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|The enabler : facilitating next-speaker selection in L2 group oral assessments
|Al Abbas, Reem Hassanali
|To support the academic and linguistic adjustment of international students using English as a second language (L2) in the UK, many universities provide access to pre-sessional English for Academic Purposes (EAP) courses. Despite this widespread use of group oral assessments in presessional contexts in Europe and North America, much research on such assessments stems from Asian settings (e.g. Greer and Potter, 2008; Leyland et al., 2016). This study uses Conversation Analysis (CA) to examine the interactional unfolding of group oral assessments involving international students in a university-affiliated EAP institution in the UK. Data comprises of 19 video recorded group oral assessments, each lasting 3 to 4 minutes and involving 3 to 4 international students. To date, CA research on such assessments has identified various important interactional phenomena, such as the ways test-takers engage with peers’ ideas (Z. Gan, 2010), test-takers’ impression management (Luk, 2010) and language proficiency identities (Lazaraton and Davis, 2008). The current study builds on this work and focuses on the under-examined issue of nextspeaker selection; the ways test-takers manage the shift from one speaker to the next for extended turns. In particular, this study reveals the ways one test-taker adopts the role of ‘enabler’ by facilitating the shift from one speaker’s extended turn to another speaker’s extended turn. The enabler’s work is required (i) when one test-taker struggles to select another speaker, (ii) when a test-taker struggles to select him/herself, and (iii) to select a thus-far quiet student who does not display recipiency. As these enabling actions are achieved through the manipulation of a series of vocal and embodied actions, the current study draws upon recent thinking in multimodality in interaction (e.g. Streeck et al., 2011; Mondada, 2016). The findings of this study contribute to research on interaction in group oral assessments by revealing the ways test-takers work to enable the successful distribution of extended turns of talk across participants. This study also adds to an important bridge between research on L2 testing and multimodality, highlighting the ways participants rely upon gaze, gesture and talk to ensure the selection of the next-primary-speaker.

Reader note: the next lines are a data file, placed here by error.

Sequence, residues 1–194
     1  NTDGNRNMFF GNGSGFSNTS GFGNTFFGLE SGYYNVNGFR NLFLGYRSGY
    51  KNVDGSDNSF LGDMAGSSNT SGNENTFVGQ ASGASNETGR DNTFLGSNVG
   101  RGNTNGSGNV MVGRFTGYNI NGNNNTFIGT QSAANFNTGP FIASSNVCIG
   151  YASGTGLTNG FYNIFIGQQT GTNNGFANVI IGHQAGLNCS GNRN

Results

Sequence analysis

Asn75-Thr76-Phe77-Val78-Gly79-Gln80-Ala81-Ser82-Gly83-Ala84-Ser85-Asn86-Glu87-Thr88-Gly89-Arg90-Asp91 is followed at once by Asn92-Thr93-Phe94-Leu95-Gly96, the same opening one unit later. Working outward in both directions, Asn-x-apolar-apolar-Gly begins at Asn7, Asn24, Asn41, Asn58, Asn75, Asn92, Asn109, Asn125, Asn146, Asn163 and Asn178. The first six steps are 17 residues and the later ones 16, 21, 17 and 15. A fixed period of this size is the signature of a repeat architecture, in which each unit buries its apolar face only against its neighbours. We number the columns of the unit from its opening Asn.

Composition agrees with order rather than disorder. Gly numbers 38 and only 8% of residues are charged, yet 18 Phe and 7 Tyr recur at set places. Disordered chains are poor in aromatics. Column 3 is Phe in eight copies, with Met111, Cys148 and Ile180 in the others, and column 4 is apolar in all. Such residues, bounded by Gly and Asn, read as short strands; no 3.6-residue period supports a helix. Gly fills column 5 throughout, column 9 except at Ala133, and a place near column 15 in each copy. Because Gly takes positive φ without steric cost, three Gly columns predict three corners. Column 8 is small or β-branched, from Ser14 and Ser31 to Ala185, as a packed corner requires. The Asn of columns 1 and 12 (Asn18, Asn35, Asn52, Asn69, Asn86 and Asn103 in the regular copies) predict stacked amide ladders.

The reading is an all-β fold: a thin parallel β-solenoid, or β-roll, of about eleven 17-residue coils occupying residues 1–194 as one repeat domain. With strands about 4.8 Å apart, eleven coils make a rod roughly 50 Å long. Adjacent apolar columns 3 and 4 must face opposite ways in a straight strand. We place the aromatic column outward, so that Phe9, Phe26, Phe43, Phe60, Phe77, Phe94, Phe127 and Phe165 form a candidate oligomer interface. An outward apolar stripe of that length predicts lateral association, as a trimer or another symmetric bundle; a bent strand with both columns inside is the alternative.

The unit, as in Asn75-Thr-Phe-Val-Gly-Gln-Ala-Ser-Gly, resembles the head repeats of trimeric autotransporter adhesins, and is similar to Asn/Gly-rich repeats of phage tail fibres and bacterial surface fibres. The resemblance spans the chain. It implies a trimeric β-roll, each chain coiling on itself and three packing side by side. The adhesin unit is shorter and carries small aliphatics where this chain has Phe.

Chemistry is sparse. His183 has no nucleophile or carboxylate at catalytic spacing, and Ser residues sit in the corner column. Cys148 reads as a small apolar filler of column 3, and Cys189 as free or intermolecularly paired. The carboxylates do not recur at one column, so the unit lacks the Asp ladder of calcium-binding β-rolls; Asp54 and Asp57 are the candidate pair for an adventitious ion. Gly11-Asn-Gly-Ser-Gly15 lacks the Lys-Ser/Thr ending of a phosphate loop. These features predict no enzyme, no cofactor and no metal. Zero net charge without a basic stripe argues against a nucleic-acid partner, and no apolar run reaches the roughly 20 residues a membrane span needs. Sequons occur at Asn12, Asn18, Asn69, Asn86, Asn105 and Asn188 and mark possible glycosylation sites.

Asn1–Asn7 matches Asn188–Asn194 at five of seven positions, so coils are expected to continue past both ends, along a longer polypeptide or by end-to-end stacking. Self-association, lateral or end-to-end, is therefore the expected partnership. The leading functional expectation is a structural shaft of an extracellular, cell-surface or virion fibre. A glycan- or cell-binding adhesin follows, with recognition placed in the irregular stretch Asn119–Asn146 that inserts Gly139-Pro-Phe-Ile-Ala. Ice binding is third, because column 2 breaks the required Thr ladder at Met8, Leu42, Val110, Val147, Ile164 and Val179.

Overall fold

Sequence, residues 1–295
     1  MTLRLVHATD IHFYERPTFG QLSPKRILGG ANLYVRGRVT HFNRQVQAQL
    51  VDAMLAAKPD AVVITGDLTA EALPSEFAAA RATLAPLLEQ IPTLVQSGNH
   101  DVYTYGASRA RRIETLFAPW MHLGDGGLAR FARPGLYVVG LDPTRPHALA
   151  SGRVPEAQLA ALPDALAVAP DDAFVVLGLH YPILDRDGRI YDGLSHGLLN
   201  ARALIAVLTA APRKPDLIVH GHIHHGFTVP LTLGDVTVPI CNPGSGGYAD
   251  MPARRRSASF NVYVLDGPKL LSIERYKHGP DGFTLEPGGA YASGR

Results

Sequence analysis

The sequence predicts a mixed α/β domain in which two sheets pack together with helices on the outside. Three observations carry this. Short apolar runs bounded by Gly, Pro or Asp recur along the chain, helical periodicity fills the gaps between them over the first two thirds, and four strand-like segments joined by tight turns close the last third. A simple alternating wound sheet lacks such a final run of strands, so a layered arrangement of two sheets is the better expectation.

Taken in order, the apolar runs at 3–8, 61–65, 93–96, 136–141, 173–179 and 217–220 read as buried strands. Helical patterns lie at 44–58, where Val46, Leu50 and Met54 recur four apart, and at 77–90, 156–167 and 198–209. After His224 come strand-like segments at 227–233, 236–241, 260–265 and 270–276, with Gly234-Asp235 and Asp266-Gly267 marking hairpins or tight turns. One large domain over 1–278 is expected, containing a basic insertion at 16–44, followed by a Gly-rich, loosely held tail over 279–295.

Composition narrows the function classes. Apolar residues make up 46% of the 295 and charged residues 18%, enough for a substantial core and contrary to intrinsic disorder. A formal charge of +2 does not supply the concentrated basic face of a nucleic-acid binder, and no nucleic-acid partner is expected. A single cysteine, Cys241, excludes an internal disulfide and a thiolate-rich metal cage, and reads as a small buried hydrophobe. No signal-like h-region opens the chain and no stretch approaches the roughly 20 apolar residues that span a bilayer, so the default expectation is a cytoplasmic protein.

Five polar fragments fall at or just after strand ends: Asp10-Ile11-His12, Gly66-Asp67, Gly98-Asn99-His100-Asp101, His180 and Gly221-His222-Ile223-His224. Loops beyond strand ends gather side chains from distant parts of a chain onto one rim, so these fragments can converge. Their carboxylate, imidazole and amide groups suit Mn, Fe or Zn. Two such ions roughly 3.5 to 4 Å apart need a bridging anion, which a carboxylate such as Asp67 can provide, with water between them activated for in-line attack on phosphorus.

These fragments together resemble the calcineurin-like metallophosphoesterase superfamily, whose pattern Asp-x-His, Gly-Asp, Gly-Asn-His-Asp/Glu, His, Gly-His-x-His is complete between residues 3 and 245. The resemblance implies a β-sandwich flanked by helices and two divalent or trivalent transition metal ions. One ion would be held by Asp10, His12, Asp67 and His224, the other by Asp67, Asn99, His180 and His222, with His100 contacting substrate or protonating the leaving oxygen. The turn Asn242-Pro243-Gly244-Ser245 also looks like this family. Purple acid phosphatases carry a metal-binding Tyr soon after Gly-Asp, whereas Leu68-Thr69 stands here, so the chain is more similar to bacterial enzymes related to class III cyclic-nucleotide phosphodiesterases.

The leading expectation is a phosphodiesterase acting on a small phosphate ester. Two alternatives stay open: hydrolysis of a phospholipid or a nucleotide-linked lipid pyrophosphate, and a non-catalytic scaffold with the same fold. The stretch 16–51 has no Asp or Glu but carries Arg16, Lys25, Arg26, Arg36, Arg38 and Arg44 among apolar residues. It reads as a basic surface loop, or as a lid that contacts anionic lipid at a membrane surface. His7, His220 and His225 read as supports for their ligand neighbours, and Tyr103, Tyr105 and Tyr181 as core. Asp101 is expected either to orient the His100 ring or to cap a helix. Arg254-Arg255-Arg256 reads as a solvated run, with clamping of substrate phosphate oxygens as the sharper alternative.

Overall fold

|Ph. D. (Integrated)
|Appears in Collections:
|School of Education, Communication and Language Sciences
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|Al Abbas Reem 2019.pdf
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